It's been five years now since Brandy Hanna disappeared, and to this day her family has no idea what happened.

In fact, they know little more than they did in those first few terrifying days, when they found her money, her clothes -- all of her belongings -- still locked in her North Charleston apartment. They still remember those desperate hours when they called her cell phone repeatedly, only to be routed straight to voice mail.

Brandy's trail went cold long ago and, in that respect, she shares a sad kinship with many missing adults.

You see, when a grown-up disappears, there is no immediate manhunt, no automatic investigation, no Amber Alert. Adults have the right to check out and not contact anyone.

For that reason, police don't immediately jump up and divert resources to look for people who simply haven't contacted friends or family -- even when the family says they are certain that their loved one is not simply on walkabout.

And that's a problem. In missingpersons cases, most of them are either solved in the first hours or they aren't solved at all.

For the past few months, state Rep. David Mack has been trying to change all that.

Faster response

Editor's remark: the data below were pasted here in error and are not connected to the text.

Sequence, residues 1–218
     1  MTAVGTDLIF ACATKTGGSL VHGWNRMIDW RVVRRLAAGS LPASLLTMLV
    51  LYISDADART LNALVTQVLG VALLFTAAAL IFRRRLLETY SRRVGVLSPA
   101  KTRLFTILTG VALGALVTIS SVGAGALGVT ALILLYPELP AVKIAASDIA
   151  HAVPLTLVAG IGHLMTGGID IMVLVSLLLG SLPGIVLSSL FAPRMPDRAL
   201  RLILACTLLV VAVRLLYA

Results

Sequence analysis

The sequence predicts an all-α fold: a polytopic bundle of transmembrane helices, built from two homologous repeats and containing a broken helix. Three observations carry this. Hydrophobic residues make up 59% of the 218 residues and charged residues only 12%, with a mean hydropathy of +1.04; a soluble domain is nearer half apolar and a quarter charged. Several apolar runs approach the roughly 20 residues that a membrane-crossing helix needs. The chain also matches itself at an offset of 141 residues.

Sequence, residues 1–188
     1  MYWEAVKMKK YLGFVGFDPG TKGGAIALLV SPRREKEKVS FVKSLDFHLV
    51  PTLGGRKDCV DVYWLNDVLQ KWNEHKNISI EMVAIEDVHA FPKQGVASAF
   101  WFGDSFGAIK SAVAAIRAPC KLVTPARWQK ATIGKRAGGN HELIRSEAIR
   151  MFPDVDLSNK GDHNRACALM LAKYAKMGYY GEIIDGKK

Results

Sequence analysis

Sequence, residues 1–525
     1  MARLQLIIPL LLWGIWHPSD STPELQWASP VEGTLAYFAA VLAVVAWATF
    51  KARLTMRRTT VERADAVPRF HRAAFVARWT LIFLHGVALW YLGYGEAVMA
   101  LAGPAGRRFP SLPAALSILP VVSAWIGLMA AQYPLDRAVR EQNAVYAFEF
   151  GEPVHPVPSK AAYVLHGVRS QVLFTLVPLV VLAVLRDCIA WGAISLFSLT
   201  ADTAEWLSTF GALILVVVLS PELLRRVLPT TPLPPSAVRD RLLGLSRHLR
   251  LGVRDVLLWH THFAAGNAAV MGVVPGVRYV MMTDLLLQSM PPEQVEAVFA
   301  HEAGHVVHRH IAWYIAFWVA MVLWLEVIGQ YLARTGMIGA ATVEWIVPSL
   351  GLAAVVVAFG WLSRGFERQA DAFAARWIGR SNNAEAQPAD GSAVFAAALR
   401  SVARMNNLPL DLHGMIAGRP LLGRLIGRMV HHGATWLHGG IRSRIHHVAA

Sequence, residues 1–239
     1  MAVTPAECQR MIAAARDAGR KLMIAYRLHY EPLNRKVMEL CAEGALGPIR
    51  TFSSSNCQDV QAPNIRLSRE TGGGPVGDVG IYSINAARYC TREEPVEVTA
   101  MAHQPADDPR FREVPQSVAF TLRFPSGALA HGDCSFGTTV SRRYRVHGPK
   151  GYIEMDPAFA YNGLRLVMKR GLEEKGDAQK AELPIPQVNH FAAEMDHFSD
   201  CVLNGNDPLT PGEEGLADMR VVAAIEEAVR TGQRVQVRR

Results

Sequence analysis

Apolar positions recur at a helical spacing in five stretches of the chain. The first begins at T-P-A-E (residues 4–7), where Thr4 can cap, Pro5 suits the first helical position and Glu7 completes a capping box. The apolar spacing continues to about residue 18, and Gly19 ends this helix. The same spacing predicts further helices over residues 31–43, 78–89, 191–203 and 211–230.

Mack is developing "Brandy's Law," and it is a model of how the legislative process should work.

The veteran North Charleston lawmaker heard about the plight of Hanna's mother, Donna Parent, and got in touch with her. He sat and listened to her frustrations, her critique of how police handled the case, and quickly came to empathize with the agony Parent suffers through every day: the agony of not knowing.

"For every family," Mack says, "it is the ultimate nightmare."

And he saw an area of law enforcement that could be better.

Mack enlisted the aid of the State Law Enforcement Division to help him write a law that would get more law enforcement involved earlier when an adult is missing. The idea is to find a way to coordinate with more police agencies and, most importantly, to do it more quickly. Before the trail goes cold.

SLED has been enthusiastic about solving this problem, Mack says, and he hopes to have a bill ready to go when the Legislature goes back into session in January. He has already enlisted the support of key lawmakers, including the chairman of the House Judiciary Committee.

Mack has a real chance of changing the way police handle missing-persons cases.

Better results?

For five years now, Donna Parent has spent a good part of each day wondering what happened to her daughter. Every new tip has led nowhere, and the police have found nothing. They call it one of the most baffling cases they've ever seen.

Parent hasn't lost faith that she will one day find the answer -- but that faith sure has been tested.

And then someone like Mack comes along. Parent hopes that Brandy's law will save other parents from the hell that she has been through for these five years. And just maybe, one day, her faith will be rewarded.

Right now, Mack says SLED is talking about reopening Brandy's case.